This study used resonance-enhanced multiphoton ionization time-of-flight mass spectrometry (REMPI-TOFMS) to evaluate the phase inversion that is driven via temperature change. A change in temperature prompts phase inversion in an oil-in-water (O/W) emulsion that uses a nonionic surfactant as an emulsifier. In this study, an O/W emulsion was prepared containing Triton X-100 as an emulsifier. To promote emulsion inversion, we heated only the outlet of a capillary column that was used for sample introduction during REMPI-TOFMS. When the emulsion was continuously measured at 40°C, several intense spikes could be detected on a time profile for the analyte, toluene, constructed by extracting the peak areas from a series of obtained mass spectra. This indicated the presence of toluene droplets in the O/W emulsion. No intense spikes appeared at 80°C, however, which suggested the shrinkage or even disappearance of the oil droplets following phase inversion. Using this technique, an emulsion can be measured without affecting the influence of vaporization even at elevated temperatures, which surely is a serious concern when using other analytical techniques. Therefore, this technique would be quite useful for evaluating the phase inversion of an emulsion at elevated temperatures.
C. elegans exhibits a directional migration toward a remembered temperature setpoint (Ts) by activating thermo-sensorimotor neurons. While cryophilic thermotaxis is well reproduced, thermophilic thermotaxis requires very stringent temperature regulations – otherwise, worms exhibit random migration in colder side of Ts. Here, we introduce a thermal stimulus device developed to control worms with different thermotactic behaviors on both colder and warmer sides of the Ts. On a linear gradient, the worm population displayed a Gaussian distribution near Ts but in a skewed shape with a peak shifted to the colder side due to their atactic motion in colder temperature than Ts. By repetitive application of thermal gradient-reversals, we found that their population density became higher near Ts because the speed at which the worms accumulate toward Ts was much faster than that of the dispersion by diffusion to the cold side, resulting in forced aggregation of worms at the desired temperature.
We developed a reference material (RM) for the determination of hexavalent chromium (Cr(VI)) in tap water. The tap water RM was prepared by adding a Cr(VI) standard solution to the raw material without acidification, i.e., under the original pH conditions of 7.6, because the decrease in the concentration of Cr(VI) was observed when the tap water had been adjusted to pH 1 with HNO3. The prepared tap-water RM (2 L) was packed in 10 fluororesin (PFA) bottles with an inside plug (200 mL each). Each PFA bottle (Cr(VI)-containing tap water) was sealed in a reclosable poly bag and then stored at 5°C in a refrigerator. The tap water RM had a Cr(VI) concentration of 51 μg L−1. The concentration of Cr(VI) was determined by diphenylcarbazide absorptiometry using a 100-mm quartz cell. The detection limit of Cr(VI) in the sample solution corresponding to three-times the standard deviation (n = 5) of blank values was 0.51 μg L−1. The homogeneity of Cr(VI) in the tap water RM was evaluated by an analysis of the variance after the Cochran test. There was no significant difference between the within-bottle and between-bottle variances of the analytical results, indicating that the tap water RM was sufficiently homogeneous. The stability of Cr(VI) in the tap water RM was investigated by monitoring the Cr(VI) concentration over a period of 6 months. The slope of the regression line of the Cr(VI) concentration versus the storage time did not significantly differ from zero, indicating that the tap water RM was stable for 6 months. The concentrations (50 – 51 μg L−1) of Cr(VI) in the tap water RM were in good agreement with the total chromium concentrations (50 – 51 μg L−1) obtained by atomic absorption spectrometry.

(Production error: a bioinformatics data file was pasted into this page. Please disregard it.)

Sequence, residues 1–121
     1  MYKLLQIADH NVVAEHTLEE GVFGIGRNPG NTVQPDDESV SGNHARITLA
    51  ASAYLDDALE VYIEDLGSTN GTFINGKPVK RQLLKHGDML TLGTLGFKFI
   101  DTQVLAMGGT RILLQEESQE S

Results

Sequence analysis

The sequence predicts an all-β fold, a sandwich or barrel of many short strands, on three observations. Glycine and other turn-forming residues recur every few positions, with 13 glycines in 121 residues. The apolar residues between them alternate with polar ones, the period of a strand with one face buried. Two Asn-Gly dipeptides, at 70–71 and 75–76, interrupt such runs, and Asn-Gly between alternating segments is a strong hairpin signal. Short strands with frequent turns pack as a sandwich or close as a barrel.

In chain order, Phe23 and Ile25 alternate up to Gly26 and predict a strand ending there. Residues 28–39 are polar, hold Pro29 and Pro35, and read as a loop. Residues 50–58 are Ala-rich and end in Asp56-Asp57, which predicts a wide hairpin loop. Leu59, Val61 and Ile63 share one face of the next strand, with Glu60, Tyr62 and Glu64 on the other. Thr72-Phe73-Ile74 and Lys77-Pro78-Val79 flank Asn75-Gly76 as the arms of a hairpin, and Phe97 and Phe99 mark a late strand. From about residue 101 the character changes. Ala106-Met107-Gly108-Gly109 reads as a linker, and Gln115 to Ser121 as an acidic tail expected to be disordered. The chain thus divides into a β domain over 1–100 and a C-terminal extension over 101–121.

To improve the accuracy of total polar compounds (TPC) quantification in frying oils by low-field nuclear magnetic resonance (LF-NMR), an optimized statistical method was proposed. The method uses a specially designed sequence to detect the NMR signal in frying oils, and establishes the TPC prediction model by partial least squares (PLS) regression on relaxation properties extracted from the NMR signal. Compared with inversion recovery (IR) and Carr–Purcell–Meiboom–Gill (CPMG) sequences, the designed sequence provides more relaxation information. The experimental result shows that the proposed method is more accurate than reported methods that are based on longitudinal and transverse relaxation times in the TPC quantification of frying oils.
This study deals with the application of different monoterpenes as relatively green bio-based solvents for low density-dispersive liquid–liquid microextraction (LD-DLLME) of different non-steroidal anti-inflammatory drugs (NSAIDs) from aqueous samples in comparison with conventional halogenated solvents. Results indicated that D-limonene could extract the hydrophobic compounds with higher %recovery compared with other bio-based and halogenated solvents. The LD-DLLME procedure was optimized by applying one-factor-at-a-time (OFAT) followed by central composite face-centered design (CCF) of the response surface methodology (RSM). Under the optimal conditions, the method exhibited good linearity with r ≥ 0.9950 with low LOD as well as LOQ levels in the range of 0.11 to 0.81 and 0.36 to 2.69 ng/mL, respectively. The method was efficiently applied to a variety of real aqueous samples. Finally, the green aspect of our procedure was compared with some reported methods using two green metric tools.
Cyclic-1,N2-propano-2′-deoxyguanosine-d7 (CPr-dG-d7) was prepared as an isotopic internal standard (IS) for electrospray ionization tandem mass spectrometry (ESI-MS/MS) quantification of CPr-dG in DNA as a candidate cancer risk marker of acetaldehyde intake, mainly from drinking. The deuterated compound was reasonably synthesized from acetaldehyde-d4 and 2′-deoxyguanosine in deuterium oxide (D2O), preventing the deuterium atoms of acetaldehyde-d4 from being substituted by hydrogen atoms, which occurred seriously in aqueous synthesis media via keto–enol tautomerism. Furthermore, another deuterium atom was added from D2O to form CPr-dG-d7. After four weeks of storage in H2O at 10°C, CPr-dG-d7 was found to be sufficiently stable for practical use. The calibration curve of CPr-dG by using a hydrophilic interaction chromatography–ESI-MS/MS system with CPr-dG-d7 as the IS showed sufficient linearity from 1.0 × 10−10 to 4.0 × 10−9 M with r2 = 0.998.